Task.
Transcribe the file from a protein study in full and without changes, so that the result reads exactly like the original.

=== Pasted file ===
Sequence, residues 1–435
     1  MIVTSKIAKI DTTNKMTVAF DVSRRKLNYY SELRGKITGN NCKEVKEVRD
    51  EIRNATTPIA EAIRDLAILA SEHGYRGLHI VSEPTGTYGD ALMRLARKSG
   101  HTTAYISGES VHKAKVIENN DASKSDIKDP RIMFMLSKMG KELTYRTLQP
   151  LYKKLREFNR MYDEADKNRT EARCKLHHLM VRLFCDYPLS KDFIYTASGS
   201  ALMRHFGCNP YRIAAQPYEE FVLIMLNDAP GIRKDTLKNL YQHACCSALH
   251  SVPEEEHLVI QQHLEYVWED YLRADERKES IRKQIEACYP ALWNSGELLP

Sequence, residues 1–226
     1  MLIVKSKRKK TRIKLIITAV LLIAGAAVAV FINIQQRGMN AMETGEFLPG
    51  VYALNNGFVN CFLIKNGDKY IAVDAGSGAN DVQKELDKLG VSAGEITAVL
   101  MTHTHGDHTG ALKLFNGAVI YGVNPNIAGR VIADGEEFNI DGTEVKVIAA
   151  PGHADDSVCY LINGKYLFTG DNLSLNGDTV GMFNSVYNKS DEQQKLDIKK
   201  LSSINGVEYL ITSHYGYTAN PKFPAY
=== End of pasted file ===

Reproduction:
Sequence, residues 1–435
     1  MIVTSKIAKI DTTNKMTVAF DVSRRKLNYY SELRGKITGN NCKEVKEVRD
    51  EIRNATTPIA EAIRDLAILA SEHGYRGLHI VSEPTGTYGD ALMRLARKSG
   101  HTTAYISGES VHKAKVIENN DASKSDIKDP RIMFMLSKMG KELTYRTLQP
   151  LYKKLREFNR MYDEADKNRT EARCKLHHLM VRLFCDYPLS KDFIYTASGS
   201  ALMRHFGCNP YRIAAQPYEE FVLIMLNDAP GIRKDTLKNL YQHACCSALH
   251  SVPEEEHLVI QQHLEYVWED YLRADERKES IRKQIEACYP ALWNSGELLP

Sequence, residues 1–226
     1  MLIVKSKRKK TRIKLIITAV LLIAGAAVAV FINIQQRGMN AMETGEFLPG
    51  VYALNNGFVN CFLIKNGDKY IAVDAGSGAN DVQKELDKLG VSAGEITAVL
   101  MTHTHGDHTG ALKLFNGAVI YGVNPNIAGR VIADGEEFNI DGTEVKVIAA
   151  PGHADDSVCY LINGKYLFTG DNLSLNGDTV GMFNSVYNKS DEQQKLDIKK
   201  LSSINGVEYL ITSHYGYTAN PKFPAY